Neal Schon has announced that 112 electric guitars and acoustic guitars from his extensive collection are about to hit the block in a mammoth online auction, which is set to see the sale of his prized six-string possessions.
Of the event, which is being held by Heritage Auctions, Schon said, “These are guitars I’ve been collecting for a very long time and it’s time to let go of some of my collection to make room for new arrivals.”
Chief among the dizzying array of instruments on offer is the guitar used by the Journey guitarist on the band's 1981 album Escape, and the one that became synonymous with the group's mega-hit, Don’t Stop Believin' – a black 1977 Gibson Les Paul Deluxe.
The iconic axe can also be heard on a number of other famous Journey tracks, including Stone In Love and Who’s Crying Now?, and was wielded during the band’s The Escape Tour in the early ‘80s.
“This has got quite a story,” said Schon of the LP. “It’s got some snap to it, and with the Floyd Rose, this guitar just sings like crazy.”
Lining up alongside the Don't Stop Believin' Les Paul is an instrument of equal sentimental value – Schon’s 1974 Guild F-50R, which he used to write Wheel in the Sky and Patiently in a Denver hotel room with the band's first lead vocalist Steve Perry.
Used extensively throughout the 1978 album Infinity, Schon described the Guild as his “room warm-up guitar”, and recalled, “It holds history, and it’s on a lot of famous songs.”
As would be expected with an auction of this size, the list of highlights is pretty exhaustive. As well as the Schon-specific models revered for their musical significance are a series of six-strings sought-after for their historical importance.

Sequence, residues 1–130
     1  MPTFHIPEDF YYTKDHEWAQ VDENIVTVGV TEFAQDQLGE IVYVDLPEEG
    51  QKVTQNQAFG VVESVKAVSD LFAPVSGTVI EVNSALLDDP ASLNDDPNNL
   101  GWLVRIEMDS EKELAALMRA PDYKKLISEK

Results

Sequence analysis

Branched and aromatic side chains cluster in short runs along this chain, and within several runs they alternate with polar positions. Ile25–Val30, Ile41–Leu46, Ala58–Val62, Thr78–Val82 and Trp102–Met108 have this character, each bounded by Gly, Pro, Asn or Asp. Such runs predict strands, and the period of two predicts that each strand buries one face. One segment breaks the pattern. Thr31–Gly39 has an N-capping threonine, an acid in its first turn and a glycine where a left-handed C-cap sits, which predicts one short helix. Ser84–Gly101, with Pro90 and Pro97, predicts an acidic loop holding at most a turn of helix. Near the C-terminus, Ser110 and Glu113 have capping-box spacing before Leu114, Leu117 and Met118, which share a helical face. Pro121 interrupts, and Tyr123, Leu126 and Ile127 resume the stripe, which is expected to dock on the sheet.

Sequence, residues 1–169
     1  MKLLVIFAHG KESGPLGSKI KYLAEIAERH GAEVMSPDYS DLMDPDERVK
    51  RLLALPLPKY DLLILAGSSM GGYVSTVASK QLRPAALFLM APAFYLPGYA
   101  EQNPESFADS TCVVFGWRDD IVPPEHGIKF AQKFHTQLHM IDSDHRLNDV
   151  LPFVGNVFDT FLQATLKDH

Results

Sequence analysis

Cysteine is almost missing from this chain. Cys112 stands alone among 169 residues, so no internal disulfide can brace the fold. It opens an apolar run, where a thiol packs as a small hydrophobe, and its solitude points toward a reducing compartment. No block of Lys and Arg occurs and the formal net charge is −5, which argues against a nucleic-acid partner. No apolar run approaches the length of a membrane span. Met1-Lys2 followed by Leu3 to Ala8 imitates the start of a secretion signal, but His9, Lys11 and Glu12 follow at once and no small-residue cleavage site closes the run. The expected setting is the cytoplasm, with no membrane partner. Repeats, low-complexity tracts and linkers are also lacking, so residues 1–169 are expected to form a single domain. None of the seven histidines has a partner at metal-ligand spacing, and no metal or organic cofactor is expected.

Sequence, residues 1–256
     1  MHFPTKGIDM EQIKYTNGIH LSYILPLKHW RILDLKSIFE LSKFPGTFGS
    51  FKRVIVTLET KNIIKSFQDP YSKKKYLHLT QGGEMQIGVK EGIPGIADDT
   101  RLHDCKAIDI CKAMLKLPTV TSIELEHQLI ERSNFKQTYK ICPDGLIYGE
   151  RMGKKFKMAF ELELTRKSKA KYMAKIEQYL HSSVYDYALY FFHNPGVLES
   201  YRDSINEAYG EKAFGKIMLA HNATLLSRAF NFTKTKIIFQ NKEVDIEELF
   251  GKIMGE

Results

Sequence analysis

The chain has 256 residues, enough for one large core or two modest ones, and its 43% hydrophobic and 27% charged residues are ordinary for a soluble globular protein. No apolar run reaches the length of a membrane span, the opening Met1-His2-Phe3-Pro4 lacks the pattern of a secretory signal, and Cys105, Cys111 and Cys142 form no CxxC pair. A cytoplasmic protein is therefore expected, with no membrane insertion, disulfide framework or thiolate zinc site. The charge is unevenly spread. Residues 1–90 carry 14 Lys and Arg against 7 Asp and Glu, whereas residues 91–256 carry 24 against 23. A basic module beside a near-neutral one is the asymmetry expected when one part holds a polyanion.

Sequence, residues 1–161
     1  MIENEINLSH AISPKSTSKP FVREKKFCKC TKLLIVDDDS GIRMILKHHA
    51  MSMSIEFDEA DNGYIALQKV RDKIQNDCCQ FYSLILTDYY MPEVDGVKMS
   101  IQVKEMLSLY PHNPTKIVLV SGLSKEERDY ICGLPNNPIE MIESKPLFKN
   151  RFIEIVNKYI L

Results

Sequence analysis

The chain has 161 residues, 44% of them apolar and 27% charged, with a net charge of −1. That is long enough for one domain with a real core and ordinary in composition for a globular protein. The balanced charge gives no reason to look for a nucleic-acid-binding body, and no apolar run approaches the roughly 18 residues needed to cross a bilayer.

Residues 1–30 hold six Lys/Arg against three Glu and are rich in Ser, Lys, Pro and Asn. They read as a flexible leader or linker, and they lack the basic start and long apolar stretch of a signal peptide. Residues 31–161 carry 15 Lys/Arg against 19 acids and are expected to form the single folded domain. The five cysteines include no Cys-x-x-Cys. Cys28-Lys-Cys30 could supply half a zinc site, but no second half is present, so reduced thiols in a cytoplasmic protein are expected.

Two holy grail Sunburst 1959 Gibson Les Paul models are on the roster, as is a white 1961 Gibson SG Custom with Sideways Vibrola tailpiece. In the Fender department, the auction will include a 1951 Telecaster, as well as a host of ‘60s-era Strats in a range of colorways.
There are a number of eye-catching show-stoppers in the collection as well, with Schon’s 2005 PRS Dragon double-neck guitar certainly a standout model. Another double-neck, a 1960 Gibson EDS-1275, is also included in the catalog.
A smattering of unique guitars are also set to be auctioned off, including a 1987 Schon Pearl White Prototype, 1986 Schon NS6 and 1967 Coral Vincent Bell.
“I don’t think there’s any one guitar that defines me – I define myself,” offered Schon when asked about the auction. “It comes from your fingers. It’s in between your fingers and whatever amp you’re plugging into and how you have that guitar set and your own picking style.
“57 years now. That’s how long I’ve been playing,” he continued. “It’s crazy, man. I mean, I should be so much better! All these guitars have a story, a history.”
Bidding is set to begin next Monday (July 12). To browse the mammoth collection, head over to Heritage Auctions (opens in new tab).